It's been just over a month and I finally got the carpet and interior.
A friend/ co-worker does carpet installs on the side and offered to install the carpet. It took him five hours to get it done.



I ended up getting seats from Overtons. These are from ToonMate for pontoon boats. Total price delivered to my door WITH 3 yards of matching vinyl for side panels was around $730.00!!! I had to cut down the rear seat backrest as it was 12" too high. It's a rotomolded plastic shell with 30 oz marine vinyl.

I was working with the Spaeths but trying to build a custom interior through the internet is difficult. Their upholstery lady must have been busy as I never received the samples. For 1/3 the price (delivered), I'm very happy with these.



I was having a problem with where to mount the small gauges when Gerald Gangle suggested some gauge pods. He turned me onto these jetboat style pods. I think they look "retro".



I still need to make some side panels and possibly armrest panels for the sides of the rear seat.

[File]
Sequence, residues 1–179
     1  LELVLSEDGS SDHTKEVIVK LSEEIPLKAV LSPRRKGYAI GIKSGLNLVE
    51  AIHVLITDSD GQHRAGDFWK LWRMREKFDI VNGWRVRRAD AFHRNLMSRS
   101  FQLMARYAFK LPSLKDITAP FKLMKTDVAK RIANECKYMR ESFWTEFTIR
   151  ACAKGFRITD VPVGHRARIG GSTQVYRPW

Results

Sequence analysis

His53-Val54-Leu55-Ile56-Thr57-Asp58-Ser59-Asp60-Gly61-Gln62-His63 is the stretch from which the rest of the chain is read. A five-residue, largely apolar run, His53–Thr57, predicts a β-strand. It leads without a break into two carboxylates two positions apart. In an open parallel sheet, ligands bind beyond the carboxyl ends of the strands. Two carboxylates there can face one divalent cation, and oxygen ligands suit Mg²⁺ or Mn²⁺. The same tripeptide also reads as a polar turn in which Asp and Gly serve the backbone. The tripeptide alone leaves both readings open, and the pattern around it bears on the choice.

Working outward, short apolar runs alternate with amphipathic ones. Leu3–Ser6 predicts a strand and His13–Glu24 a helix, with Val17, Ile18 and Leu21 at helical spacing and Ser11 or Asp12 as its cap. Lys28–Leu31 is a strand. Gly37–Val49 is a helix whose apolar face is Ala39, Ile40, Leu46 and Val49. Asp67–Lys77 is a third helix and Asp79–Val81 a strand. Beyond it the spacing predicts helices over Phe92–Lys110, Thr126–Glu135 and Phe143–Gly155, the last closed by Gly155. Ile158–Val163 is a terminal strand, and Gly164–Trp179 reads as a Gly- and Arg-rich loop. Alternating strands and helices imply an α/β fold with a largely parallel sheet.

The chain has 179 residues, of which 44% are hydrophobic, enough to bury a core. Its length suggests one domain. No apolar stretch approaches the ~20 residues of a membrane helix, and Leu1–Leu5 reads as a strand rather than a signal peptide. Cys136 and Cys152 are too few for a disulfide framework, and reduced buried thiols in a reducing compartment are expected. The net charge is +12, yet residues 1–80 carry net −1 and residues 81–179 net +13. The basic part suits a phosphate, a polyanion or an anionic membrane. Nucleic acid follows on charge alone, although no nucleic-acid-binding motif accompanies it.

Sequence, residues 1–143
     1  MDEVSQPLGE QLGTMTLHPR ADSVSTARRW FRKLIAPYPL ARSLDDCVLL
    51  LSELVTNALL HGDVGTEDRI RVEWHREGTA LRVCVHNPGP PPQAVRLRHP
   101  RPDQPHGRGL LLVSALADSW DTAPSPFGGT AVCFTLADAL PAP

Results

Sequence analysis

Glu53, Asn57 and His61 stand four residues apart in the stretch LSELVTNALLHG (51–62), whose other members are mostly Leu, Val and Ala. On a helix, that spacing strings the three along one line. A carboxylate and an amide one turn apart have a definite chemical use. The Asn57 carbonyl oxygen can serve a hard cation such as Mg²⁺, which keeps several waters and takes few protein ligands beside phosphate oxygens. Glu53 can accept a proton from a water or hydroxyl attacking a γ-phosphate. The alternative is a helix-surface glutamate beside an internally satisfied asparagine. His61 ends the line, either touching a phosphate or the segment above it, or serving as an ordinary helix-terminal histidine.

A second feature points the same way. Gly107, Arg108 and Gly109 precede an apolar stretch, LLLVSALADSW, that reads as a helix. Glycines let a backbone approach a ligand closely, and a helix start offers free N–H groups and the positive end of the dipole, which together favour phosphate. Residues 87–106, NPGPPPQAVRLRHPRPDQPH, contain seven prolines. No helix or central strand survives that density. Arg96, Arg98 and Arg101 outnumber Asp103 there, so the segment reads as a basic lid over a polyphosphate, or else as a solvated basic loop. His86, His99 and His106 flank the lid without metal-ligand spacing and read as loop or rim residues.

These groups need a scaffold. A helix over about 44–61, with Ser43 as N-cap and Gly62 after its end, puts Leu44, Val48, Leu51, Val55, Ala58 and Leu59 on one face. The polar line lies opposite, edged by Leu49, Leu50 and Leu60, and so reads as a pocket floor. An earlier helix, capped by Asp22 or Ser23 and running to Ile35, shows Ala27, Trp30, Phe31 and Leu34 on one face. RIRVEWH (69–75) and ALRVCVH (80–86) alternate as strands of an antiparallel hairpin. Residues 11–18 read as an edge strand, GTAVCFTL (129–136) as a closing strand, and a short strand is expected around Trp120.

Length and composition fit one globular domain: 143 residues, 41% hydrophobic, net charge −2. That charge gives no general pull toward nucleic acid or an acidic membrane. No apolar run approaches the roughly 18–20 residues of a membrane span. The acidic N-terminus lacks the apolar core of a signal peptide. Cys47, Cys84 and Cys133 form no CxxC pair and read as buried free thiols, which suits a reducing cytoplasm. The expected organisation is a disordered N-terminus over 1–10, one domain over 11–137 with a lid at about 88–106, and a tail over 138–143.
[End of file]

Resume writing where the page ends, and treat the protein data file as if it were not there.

Here's some pictures. It's getting there!!

     



I was very surprised with these seats. The foam is very firm. The color is called platinum.

With the tank in the back, the opening in the floor is covered. I wanted a small bilge pump but it stuck above the floor level and the tank would hit it. I cut an access hole in the rear seat base to put the pump there.
Since I know you all like pictures, here's some.




The tank fit so tight, I had to cut relief notches in the rear combing for the fill neck and fuel line fitting.




I glassed in lips to hold the tank from sliding. The same was done for the battery.  Straps are attached to these as well.




It's been quite the project hasn't it? LOL!!!